- Associated Press - Thursday, March 5, 2015

SAN FRANCISCO (AP) — A rare medical procedure involving 12 patients, six kidney transplants and two days of surgery is set to take place at a San Francisco hospital.

California Pacific Medical Center surgeon Dr. William Bry said the “kidney paired donations” will be possible thanks to an altruistic donor who started a chain of donations, KGO-TV reported Wednesday.

Zully Broussard of Sacramento agreed to give a kidney to a man who has a relative willing to donate a kidney but was not compatible with him. That man’s relative, in turn, will donate a kidney to a patient who also has a relative or friend willing to donate but unable to because of compatibility issues. This chain of donations continues until the remaining four people needing transplants get kidneys.

Broussard said her son died of cancer 13 years ago and her husband passed away 14 months ago, also from cancer.

“I know what it feels like to want an extra day,” she said when asked why she volunteered to donate a kidney to a stranger.

Three transplants are planned for Thursday and the remaining three on Friday. Most of those involved are from the San Francisco Bay Area.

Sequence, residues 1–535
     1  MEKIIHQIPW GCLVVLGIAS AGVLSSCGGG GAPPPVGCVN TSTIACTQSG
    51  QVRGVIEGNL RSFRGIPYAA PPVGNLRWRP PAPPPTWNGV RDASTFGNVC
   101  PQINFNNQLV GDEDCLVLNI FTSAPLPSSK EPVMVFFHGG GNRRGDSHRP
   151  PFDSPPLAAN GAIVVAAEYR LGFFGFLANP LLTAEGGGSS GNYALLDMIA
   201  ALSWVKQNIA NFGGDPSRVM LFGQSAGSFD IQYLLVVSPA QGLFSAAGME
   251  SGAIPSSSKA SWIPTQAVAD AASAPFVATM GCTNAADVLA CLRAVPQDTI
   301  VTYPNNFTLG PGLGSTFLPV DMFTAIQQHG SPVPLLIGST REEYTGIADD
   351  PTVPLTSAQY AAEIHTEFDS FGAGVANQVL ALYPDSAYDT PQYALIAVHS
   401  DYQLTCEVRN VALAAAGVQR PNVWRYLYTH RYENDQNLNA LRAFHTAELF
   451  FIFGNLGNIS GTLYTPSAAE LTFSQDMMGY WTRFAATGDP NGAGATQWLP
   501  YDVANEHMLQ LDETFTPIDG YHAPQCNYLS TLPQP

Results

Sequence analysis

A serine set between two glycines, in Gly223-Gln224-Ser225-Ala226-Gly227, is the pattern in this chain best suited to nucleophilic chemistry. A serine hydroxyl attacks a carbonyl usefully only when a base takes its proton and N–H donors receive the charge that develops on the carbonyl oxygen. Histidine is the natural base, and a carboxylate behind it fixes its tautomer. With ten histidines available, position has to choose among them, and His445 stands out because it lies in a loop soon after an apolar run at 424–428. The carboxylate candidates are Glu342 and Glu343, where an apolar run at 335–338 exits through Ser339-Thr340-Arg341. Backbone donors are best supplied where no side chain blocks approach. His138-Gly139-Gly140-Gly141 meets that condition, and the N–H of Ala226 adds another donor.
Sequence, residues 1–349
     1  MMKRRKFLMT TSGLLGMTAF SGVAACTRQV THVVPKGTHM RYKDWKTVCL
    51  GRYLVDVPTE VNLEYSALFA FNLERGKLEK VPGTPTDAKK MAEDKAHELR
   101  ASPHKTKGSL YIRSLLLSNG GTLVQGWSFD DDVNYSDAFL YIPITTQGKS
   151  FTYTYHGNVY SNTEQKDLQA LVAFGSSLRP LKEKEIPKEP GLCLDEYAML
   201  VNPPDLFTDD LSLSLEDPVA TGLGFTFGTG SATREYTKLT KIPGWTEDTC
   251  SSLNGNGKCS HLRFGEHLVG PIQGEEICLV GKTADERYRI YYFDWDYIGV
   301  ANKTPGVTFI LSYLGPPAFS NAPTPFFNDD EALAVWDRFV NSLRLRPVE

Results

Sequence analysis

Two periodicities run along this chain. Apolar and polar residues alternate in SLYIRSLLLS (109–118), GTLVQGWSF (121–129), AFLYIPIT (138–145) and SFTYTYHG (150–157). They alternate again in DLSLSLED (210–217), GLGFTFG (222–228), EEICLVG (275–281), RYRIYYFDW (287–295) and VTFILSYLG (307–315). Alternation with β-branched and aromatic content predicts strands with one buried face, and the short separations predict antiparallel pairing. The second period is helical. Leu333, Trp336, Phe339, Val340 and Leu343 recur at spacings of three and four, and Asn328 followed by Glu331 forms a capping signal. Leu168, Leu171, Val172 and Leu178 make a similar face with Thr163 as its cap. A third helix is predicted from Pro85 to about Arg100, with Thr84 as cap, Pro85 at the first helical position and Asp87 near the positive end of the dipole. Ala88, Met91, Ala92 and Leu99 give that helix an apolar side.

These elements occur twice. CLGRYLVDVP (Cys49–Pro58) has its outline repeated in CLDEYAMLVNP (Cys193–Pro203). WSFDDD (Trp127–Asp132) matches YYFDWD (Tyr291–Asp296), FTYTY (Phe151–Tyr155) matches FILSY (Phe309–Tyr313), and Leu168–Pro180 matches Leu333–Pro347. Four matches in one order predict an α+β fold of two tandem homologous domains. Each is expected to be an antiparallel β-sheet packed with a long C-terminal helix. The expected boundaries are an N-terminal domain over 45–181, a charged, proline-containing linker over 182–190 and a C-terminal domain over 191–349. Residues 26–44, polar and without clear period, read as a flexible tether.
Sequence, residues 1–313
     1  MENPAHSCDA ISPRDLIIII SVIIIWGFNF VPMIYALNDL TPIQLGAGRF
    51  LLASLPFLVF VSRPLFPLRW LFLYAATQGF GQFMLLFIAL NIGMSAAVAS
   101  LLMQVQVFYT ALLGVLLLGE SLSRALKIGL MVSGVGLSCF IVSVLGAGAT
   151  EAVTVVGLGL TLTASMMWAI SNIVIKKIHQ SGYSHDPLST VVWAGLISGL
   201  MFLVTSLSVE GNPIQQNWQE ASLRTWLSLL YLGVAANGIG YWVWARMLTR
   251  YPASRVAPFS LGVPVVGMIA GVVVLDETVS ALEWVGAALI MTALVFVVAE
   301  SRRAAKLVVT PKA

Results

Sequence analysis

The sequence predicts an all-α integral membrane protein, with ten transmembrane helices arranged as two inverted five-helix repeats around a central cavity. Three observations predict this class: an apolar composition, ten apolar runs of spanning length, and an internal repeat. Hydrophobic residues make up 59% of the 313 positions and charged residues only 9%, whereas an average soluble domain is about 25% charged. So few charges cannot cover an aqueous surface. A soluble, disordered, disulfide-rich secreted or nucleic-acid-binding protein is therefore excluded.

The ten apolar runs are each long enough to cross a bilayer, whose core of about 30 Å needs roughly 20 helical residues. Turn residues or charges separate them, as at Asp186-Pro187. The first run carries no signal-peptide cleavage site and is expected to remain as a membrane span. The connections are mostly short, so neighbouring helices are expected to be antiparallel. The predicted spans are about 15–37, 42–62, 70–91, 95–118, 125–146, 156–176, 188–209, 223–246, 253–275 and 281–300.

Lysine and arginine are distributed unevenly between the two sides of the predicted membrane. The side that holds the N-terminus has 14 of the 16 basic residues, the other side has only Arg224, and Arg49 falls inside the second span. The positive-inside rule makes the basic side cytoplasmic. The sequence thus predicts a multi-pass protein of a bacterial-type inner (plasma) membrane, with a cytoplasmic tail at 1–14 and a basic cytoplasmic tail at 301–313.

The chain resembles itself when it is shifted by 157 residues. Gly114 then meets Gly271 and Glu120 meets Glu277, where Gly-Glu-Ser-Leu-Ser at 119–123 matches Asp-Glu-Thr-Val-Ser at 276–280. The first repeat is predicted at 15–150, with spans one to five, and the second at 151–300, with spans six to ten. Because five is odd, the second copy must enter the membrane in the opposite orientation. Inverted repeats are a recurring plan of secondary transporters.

“I thought I was going to help this one person who I don’t know, but the fact that so many people can have a life extension, that’s pretty big,” Broussard said.

This paired kidney exchange is achieved thanks to a software called MatchGrid, developed by David Jacobs, who is a kidney recipient.

He uses a very sophisticated algorithmic program that takes a person’s genetic profile and finds potential matches.

Once the matches are confirmed, doctors, nurses and case managers work on the logistics of making it a reality.

“We can give them almost real-time results so you can play with , play what if, check out all the possible combinations,” Jacobs said.



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